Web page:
The evening was far too hot and humid for the middle of April as I quietly walked across the alfalfa toward a tree line thick with fallen cottonwoods and old rotting hay bales. I followed the tree line until it ended abruptly, then tiptoed through a sea of Poison Ivy to the back door of our pop-up hunting blind. Once inside, I settled into a camp chair and unzipped windows on 3 sides. Approaching storms blew a nice breeze through the blind. In front of me was a narrow strip of alfalfa, hemmed in on the far side by wheat, and framed on 2 more sides by the river as it meandered through the countryside.
My quarries tonight were wild turkeys which I had seen here with some regularity, and I was prepared to shoot as many as possible. The flock I’d been seeing was perhaps a dozen birds, and I was pretty sure I could get them all with 2 shots at most! Three Blue Herons rose from the timber along the river, but were gone before I could shoot. A lone Red Tail Hawk perched high above the river was also giving me a nice shot if I hurried!
Now before you overload the switchboard at Operation Game Thief to turn me in to the authorities, allow me to explain. That night my weapon of choice hung by a strap around my neck; its barrel was a lense, and the trigger a small silver button. You guessed it! I was “shooting” photos with a camera
In the Kansas Hunter Education Manual, the chapter on Hunter Responsibility lists four stages of a sport hunter. This topic discusses how the standards by which a hunter defines success evolve and change as the hunter develops and matures. Stage 3 is called the “Trophy Stage,” and stage 4 is the “Method Stage.” During these 2 stages in a hunter’s life, he or she matures to the point where a trophy can just as easily be a photograph rather than a mount on the wall.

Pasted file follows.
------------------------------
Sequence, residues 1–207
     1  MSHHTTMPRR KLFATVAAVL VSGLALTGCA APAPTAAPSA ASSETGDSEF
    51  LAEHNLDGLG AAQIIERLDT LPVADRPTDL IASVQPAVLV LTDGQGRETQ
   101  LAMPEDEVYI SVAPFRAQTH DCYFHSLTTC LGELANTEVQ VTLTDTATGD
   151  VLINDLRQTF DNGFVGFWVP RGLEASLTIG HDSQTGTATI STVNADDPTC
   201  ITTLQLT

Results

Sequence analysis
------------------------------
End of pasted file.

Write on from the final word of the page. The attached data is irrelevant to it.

One frigid April morning years ago I shared a blind with a young man and his guide during the youth turkey hunt. That was before cell phones had such fantastic cameras, so I had a digital camera around my wrist, hoping to record some of the hunt in pictures. Among the group of birds that came to our decoys were several hens, and among them was a white-speckled hen. My camera wouldn’t work in the icy morning air, so I didn’t get a photo of her, and now I’m relegated to remembering her only in my mind, (which is quickly fading.) I was more disgusted over the camera malfunction than if I had missed a shot at a long bearded tom!
I started deer hunting when I was just a kid, and I wish I had pictures of every awesome and unusual event I’ve seen in the woods since. Once as I sat quietly on a log, a mother fox and several cubs ran by me so closely I could have reached out and grabbed one. While fishing one evening at McPherson State fishing lake I watched a beaver swim clear across the lake with a huge leafy branch in its mouth. Another time during the early January antlerless-only deer season, a buck with a monstrous rack hanging full of long grass and weeds stood just yards away from me. He looked like a hanging garden on four legs.
` I could go on, but my point is that all these things are in my mind’s eye only, and someday will probably be forgotten. If they were documented as photos, at least I could pass them on for others to enjoy as well. High dollar trail cameras are available that transmit photos directly to a computer, so why not a pair of glasses that does the same with images and action see through their lenses?
Not many years ago, if someone had suggested I could be as happy with a picture as with a mounted trophy on my wall, I would have bristled at the thought. Now, however, I feel like that transition will someday be an easy one… Continue to Explore Kansas Outdoors.
Steve can be contacted by email at [email protected]